Abstract 12042: Heart Rate Variability After Cardiac Arrest is Preserved by Whole Body Periodic Acceleration (pGz)
Predicting neurological outcome after brain injury or cardiac arrest (CA) is difficult. Heart Rate Variability (HRV) and lack thereof are markers for poor neurological outcome, and decreased HRV after CA correlates with poor outcomes. Whole Body Periodic Acceleration (pGz), the sinusoidal head to foot motion of the supine body with a motion platform increases endothelial derived NO (eNO) and neuronal nitric oxide (nNOS) in heart via pulsatile shear stress that produces pre and post conditioning of the heart from global and focal ischemia reperfusion injury (I/R). NO facilitates vagal chronotropism while inhibition of nNOS reduces HRV. We previously showed that pGz performed 1 hr prior to CA preserves HRV after CA. This study tests whether pGz applied after (postconditioning) CA can also preserve HRV in a pig model of CA. Eighteen male swine (40-50lbs) were anesthetized, intubated and instrumented to measure EKG and hemodynamics and randomized prior to CA to receive pGz (n=10) or none (CONT) (n=8). VF was electrically induced and unsupported for 8 min, followed by chest compression and defibrillation until return of spontaneous circulation (ROSC). We instituted pGz 10 min after ROSC using a motion platform (180 cpm and Gz ± 0.4). Short term HRV (excluding ectopic beats) was measured including; time domain; SDNN (standard deviation of normal to normal intervals), RMSSD (square root of the mean squared differences of successive normal to normal intervals) and frequency domain, at baseline (BL), and 30 to 180 min after ROSC (ROSC30, 60,120,180). All animals had ROSC after a median of 4 defibrillation attempts. There were no differences between groups in defibrillation attempts, time to ROSC, arterial blood gases or hemodynamics over time. Data mean ±SEM * p < 0.05 CONT vs pGz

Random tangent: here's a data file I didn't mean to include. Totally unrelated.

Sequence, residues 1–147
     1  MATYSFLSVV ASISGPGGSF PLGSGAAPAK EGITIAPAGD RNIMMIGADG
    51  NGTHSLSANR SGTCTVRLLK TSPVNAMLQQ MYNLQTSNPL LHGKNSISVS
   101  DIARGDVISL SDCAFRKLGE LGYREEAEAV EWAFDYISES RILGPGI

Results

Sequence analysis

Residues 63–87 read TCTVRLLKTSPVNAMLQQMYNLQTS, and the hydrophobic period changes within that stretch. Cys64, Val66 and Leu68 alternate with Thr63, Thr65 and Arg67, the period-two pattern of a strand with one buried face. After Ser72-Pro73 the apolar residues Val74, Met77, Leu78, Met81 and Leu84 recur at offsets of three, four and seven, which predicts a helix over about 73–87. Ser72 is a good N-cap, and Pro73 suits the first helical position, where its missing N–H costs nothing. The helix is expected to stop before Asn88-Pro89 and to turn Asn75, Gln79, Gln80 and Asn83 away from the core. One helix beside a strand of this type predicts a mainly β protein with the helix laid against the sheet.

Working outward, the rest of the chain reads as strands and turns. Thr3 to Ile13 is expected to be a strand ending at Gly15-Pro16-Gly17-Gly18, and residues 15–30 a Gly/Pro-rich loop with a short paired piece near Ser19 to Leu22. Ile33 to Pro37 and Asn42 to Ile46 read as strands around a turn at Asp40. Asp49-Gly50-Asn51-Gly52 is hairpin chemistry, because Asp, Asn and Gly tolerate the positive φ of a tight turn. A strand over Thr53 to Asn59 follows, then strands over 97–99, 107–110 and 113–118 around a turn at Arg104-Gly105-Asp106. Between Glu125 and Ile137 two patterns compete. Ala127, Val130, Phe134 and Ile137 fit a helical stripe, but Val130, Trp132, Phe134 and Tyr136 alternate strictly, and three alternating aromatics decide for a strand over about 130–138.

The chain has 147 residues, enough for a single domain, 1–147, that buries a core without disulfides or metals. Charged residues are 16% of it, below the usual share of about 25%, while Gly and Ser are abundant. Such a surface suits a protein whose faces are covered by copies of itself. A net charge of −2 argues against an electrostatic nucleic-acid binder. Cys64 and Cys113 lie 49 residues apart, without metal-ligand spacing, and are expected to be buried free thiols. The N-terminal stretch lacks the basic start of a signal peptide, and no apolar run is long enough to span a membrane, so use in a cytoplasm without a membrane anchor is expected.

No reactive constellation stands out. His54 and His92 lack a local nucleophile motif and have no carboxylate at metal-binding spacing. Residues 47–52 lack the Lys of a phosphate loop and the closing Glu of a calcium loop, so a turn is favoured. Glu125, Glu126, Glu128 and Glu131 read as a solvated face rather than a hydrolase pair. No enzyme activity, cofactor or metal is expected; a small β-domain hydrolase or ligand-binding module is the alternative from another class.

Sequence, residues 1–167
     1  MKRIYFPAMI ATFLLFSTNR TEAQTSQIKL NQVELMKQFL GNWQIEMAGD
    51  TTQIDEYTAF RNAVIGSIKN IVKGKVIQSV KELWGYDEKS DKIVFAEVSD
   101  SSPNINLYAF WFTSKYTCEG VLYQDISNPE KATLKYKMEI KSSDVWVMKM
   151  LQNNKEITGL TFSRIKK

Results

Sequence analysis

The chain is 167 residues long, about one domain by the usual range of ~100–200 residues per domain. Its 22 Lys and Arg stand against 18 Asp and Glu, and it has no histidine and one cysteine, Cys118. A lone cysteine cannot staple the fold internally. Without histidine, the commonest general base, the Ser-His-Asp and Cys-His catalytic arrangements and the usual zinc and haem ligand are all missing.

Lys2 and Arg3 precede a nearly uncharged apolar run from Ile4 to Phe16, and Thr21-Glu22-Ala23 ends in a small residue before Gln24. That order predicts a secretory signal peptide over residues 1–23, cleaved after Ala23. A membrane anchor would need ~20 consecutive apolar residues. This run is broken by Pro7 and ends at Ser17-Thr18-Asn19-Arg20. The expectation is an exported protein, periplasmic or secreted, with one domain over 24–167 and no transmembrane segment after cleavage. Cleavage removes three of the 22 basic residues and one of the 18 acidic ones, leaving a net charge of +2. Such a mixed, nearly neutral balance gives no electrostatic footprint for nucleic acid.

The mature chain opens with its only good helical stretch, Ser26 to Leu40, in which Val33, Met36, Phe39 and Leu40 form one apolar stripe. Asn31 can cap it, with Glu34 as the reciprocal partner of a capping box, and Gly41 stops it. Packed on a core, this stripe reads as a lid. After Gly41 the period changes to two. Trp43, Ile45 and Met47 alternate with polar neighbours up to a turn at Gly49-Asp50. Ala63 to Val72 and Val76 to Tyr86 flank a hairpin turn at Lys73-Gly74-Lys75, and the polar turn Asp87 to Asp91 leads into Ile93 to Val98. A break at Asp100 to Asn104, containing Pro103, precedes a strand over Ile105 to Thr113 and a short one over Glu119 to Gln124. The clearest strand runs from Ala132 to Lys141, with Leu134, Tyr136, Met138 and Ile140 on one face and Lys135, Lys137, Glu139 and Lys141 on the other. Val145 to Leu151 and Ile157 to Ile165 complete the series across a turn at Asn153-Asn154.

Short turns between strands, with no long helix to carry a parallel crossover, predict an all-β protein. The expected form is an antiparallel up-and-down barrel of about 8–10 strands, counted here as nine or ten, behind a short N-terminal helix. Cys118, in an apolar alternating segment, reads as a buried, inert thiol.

Conclusion: pGz applied after CA in addition to being cardioprotective preserves HRV and is a novel non invasive method to preserve autonomic nervous system output while postconditioning the myocardium.
- Cardiopulmonary resuscitation
- Heart rate/Heart rate variability
- Post cardiac resuscitation
- Nitric oxide
Author Disclosures: J.A. Adams: Ownership Interest; Modest; Stock Options. A. Uryash: None. P. Pastuszko: None. A. Pastuszko: None. V. Nadkarni: None. P. Kurlansky: None.
- © 2014 by American Heart Association, Inc.